Review of “The Floating World” by C. Morgan Babst

This novel which takes place during and after Hurricane Katrina (which hit in August 2005) is almost unremittingly depressing. It centers on the Boisdoré family. Joe, the father, is a Creole descended from freed slaves. Tess, the mother, is from the white upper class, and is pretty much a despicable person. She “settled” for Joe when her high school crush, the white aristocratic Augie, married her best friend Madge. Madge died five years before however from cancer.

The two grown, mixed-race daughters of Joe and Tess, Del (short for Adelaide) and Cora, are in various stages of crisis. Cora, who stayed in the city during the hurricane, is now almost catatonic, presumably suffering from PTSD, although she had a history of depression even before the storm. Del, who was in New York, is suffused with guilt for not having been there in New Orleans to help Cora. Cora and Del also each have romantic interests who, however, remain mostly ciphers, presumably included to illuminate aspects of the girls’ personalities.

Another main character is Joe’s father Vincent. He has Lewy body dementia (LBD,) a progressive brain disorder in which Lewy bodies (abnormal deposits of a protein called alpha-synuclein) build up in areas of the brain that regulate behavior, cognition, and movement. (As the Mayo Clinic website explains, this is the second most common type of progressive dementia after Alzheimer’s disease dementia.) A great deal of the narrative is devoted to Vincent’s dissociation as his mind drifts between the past and present.

As the story begins, Del rushes back to Louisiana to try to help her family. Gradually, we find out (to an extent) what happened to Cora during the storm that caused her trauma, and how Del, always protective of Cora, acts to protect and heal her.

Finally, Katrina is also a main “character” in this book. For those who think a city’s problems are over when the storm passes, this story will serve as a useful (and horrifying) corrective.

Hurricane Katrina moved ashore over southeast Louisiana and southern Mississippi early on August 29, 2005 Credit: GOES Project Science Office

This passage, for example, describes what Del sees as she drives through the city over a month after Katrina’s landfall:

“There was nobody out on the street, nobody sitting on their porches. Electrical poles titled over the sidewalks, trailing their wires like trees brought down by vines, and everywhere a broken gray crust of dirt covered the concrete, the grass, the trashcans and bicycles, sofas and potted plants strewn on front lawns. On every block, disabled cars had been stranded along the curb, a thick swamp of mud on their upholstery, so that when the occasional undamaged sedan appeared in a driveway beside a flungopen house, it gleamed so brightly you saw stars.”

The outsides of houses, surrounded by “mud-coffined grass” were marked by authorities to indicate if any dead bodies were within. And the insides of the houses were “all flooded so bad the furniture lay overturned in heaps on the floor, every wall stippled with black mold.”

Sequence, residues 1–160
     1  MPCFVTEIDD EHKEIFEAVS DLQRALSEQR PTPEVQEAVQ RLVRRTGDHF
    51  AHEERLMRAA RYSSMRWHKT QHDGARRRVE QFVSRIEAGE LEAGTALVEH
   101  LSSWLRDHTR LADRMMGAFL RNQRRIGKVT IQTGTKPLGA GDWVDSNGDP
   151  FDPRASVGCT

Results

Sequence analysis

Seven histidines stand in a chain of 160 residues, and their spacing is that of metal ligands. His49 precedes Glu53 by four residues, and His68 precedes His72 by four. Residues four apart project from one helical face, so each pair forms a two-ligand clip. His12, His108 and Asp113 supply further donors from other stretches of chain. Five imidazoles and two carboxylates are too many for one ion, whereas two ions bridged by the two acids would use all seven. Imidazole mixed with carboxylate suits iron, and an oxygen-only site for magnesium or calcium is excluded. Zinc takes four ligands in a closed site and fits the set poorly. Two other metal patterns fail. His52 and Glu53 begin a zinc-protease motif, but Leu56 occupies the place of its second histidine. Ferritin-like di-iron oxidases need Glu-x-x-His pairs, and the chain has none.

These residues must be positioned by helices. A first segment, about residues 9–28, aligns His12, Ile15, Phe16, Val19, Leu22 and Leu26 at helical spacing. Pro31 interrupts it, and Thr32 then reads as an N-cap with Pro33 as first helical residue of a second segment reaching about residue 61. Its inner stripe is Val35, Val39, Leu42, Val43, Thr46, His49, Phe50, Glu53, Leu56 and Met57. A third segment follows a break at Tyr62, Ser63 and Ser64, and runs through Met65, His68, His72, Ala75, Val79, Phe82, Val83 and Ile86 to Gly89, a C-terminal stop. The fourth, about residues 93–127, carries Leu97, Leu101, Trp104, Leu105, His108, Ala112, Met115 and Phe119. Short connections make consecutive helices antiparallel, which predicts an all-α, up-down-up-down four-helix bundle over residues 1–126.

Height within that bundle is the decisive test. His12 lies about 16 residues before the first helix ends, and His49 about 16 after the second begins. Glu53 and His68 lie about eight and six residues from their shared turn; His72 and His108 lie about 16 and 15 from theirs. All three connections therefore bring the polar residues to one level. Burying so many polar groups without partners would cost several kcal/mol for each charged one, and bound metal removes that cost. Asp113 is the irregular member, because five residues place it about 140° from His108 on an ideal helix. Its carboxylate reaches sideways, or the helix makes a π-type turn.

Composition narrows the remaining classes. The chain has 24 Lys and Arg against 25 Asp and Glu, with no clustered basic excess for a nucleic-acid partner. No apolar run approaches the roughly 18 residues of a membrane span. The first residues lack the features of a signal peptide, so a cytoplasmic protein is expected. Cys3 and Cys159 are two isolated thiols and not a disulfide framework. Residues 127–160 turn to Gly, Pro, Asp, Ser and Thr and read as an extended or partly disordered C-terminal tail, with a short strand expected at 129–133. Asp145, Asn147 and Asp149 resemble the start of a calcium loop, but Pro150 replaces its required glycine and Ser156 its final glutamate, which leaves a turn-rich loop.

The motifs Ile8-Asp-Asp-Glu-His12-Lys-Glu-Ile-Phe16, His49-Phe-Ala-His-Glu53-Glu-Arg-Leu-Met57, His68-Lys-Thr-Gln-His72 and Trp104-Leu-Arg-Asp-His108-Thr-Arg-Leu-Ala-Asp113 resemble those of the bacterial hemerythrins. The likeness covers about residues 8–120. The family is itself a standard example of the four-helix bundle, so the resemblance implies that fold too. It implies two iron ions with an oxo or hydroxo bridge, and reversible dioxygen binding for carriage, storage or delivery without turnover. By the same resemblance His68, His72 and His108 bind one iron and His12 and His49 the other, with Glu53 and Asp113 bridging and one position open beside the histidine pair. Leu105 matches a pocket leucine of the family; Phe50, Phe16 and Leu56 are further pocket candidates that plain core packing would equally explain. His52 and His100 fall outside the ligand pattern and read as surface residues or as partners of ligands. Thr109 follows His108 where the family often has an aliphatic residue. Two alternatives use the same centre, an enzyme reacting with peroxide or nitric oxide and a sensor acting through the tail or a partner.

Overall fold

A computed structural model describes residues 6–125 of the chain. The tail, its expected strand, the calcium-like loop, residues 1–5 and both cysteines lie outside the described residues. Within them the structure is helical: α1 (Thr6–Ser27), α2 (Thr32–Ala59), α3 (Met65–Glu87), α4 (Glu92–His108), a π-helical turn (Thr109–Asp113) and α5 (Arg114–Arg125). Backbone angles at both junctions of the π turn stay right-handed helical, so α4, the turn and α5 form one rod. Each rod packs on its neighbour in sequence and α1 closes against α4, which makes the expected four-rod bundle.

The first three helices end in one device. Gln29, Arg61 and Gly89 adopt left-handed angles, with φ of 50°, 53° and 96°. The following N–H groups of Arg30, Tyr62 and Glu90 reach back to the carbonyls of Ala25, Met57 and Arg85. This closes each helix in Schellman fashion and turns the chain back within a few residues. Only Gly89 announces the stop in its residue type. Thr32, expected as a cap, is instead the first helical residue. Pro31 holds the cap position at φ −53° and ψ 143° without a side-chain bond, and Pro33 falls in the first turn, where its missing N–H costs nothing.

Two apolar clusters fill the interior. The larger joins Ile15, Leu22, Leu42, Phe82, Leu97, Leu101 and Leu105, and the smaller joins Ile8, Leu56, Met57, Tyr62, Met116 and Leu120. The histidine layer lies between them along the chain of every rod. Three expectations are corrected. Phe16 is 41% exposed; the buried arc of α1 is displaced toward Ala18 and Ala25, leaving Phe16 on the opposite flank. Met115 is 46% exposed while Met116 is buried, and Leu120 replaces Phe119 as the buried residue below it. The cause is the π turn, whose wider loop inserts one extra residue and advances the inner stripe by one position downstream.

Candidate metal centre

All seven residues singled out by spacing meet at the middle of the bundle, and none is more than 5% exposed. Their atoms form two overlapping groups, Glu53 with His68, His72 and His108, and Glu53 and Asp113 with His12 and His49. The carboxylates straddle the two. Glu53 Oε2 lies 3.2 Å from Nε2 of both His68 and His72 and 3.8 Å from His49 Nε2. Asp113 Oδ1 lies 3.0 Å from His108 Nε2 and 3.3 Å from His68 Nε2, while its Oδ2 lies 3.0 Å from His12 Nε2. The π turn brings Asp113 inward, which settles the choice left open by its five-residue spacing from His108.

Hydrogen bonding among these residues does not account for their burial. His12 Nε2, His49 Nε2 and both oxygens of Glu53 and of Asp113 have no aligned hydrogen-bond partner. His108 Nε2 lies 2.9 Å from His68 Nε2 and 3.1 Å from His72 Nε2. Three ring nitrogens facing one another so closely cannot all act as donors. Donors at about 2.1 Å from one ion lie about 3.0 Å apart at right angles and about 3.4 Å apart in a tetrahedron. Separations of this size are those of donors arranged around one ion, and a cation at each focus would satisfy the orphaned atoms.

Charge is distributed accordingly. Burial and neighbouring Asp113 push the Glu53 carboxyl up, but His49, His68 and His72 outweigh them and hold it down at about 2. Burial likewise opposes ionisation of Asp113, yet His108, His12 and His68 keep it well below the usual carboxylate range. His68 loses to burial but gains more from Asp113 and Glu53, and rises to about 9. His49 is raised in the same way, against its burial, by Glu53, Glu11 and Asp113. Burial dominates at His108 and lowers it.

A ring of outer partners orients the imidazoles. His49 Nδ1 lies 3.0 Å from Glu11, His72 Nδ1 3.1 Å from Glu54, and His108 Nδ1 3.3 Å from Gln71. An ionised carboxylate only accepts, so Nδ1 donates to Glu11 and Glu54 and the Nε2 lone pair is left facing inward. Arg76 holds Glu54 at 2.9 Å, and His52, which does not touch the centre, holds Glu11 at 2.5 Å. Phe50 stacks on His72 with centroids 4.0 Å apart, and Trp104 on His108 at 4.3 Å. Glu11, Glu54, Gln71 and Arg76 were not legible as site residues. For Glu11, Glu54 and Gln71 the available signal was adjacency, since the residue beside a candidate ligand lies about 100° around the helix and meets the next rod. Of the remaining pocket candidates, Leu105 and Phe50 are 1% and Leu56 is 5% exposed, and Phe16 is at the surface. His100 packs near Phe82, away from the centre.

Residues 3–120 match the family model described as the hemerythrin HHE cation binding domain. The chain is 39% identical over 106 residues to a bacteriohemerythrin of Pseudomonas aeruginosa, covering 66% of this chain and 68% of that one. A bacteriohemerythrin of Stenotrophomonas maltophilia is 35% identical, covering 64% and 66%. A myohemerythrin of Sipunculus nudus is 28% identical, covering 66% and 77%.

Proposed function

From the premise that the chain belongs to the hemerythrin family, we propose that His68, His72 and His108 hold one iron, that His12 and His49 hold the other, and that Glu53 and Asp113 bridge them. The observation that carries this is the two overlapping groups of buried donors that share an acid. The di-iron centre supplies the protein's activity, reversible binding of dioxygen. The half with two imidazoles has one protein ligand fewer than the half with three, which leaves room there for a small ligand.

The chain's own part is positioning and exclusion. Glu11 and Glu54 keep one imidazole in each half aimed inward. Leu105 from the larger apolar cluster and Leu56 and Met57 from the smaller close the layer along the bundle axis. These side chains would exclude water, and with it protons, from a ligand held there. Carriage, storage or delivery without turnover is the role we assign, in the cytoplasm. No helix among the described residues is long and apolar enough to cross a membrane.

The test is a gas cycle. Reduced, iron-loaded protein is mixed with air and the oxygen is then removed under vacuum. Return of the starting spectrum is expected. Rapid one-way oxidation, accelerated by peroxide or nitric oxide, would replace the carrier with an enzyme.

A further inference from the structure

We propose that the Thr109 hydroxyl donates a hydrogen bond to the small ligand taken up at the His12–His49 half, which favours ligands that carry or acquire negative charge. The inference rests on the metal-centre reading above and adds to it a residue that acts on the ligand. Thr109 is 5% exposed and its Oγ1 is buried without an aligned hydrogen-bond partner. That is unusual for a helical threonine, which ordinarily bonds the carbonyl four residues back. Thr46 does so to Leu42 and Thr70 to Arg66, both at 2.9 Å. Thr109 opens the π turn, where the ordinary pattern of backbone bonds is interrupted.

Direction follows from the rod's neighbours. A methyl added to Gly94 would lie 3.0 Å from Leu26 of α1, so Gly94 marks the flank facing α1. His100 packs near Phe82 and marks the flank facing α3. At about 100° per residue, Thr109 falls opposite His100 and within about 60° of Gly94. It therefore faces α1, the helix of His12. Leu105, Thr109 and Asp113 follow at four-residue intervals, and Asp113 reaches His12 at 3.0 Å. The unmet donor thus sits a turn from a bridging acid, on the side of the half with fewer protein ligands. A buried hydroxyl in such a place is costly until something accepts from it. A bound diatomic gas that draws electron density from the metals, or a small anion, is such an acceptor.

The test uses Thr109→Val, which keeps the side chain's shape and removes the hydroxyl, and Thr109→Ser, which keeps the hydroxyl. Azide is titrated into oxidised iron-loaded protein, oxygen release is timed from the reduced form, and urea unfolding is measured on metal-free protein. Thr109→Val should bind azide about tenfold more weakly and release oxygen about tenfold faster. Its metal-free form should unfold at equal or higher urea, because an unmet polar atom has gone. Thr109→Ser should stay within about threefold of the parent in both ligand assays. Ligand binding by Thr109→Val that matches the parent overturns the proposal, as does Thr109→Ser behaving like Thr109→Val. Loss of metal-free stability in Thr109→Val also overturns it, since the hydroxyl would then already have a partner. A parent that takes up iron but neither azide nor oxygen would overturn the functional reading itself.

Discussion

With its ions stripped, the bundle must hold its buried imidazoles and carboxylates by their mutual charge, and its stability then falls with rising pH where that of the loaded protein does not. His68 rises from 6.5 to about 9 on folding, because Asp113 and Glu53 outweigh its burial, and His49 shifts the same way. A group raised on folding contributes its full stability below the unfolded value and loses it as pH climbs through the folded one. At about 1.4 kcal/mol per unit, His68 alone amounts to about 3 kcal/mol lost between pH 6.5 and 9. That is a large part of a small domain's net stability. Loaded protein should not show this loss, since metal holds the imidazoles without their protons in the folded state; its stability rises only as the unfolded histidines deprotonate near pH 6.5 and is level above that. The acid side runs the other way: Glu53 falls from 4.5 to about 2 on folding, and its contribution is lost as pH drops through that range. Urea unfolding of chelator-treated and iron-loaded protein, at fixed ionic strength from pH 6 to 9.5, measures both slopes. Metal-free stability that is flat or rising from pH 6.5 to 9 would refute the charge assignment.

The world’s attention turns elsewhere after a hurricane departs. For those directly affected, however, the damage to infrastructure, housing, jobs, water and food supplies, access to medical care, and effects of long-lasting psychological trauma continue to be a challenge. This book highlights what the victims face both during and after the storm.

Water surrounds homes just east of downtown New Orleans, the day after Hurricane Katrina made landfall.

Discussion: I didn’t find any of the characters very appealing, except for Joe. Tess resented him for not defying police to go back and get Cora after the storm, but Tess is clueless about what it means to be a person of color in relation to the police. Nevertheless, she uses her anger as an excuse to turn to Augie.

My main criticism, however, is that to me, much of the writing meets the definition of what author Ayelet Waldman once called “bore-geous.” This is writing, as she describes it, with “lush and richly imagined bits of narrative – long, lovely descriptions of characters and scenery . . . in which nothing whatsoever was going on.” In short, the writing may be good, but the content is desultory and often just boring.

Evaluation: The tensions of race and class come to the forefront during and after the devastation of Hurricane Katrina in this story of a mixed-race family affected by the storm. This bleak story ultimately fell short for me, however. I thought the characters were unappealing, and not really fleshed out enough. Moreover, the writing was too consciously literary rather than focused on the action, so that in the end, I didn’t really even feel I knew all that had happened in the plot.

Rating: 3/5

Published by Algonquin Books, 2017

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3 Responses to Review of “The Floating World” by C. Morgan Babst

  1. Beth F says:

    Well, that’s one book I can cross off my list. Love that term bore-geous.

  2. Sarah's Book Shelves says:

    I had this ARC, but never got around to reading it. And now probably won’t. Your description of the writing is exactly the kind of writing that drives me crazy…

  3. BermudaOnion says:

    It sounds like this one had a lot of potential – too bad it didn’t live up to it. I don’t like that kind of writing so I’ll skip it.

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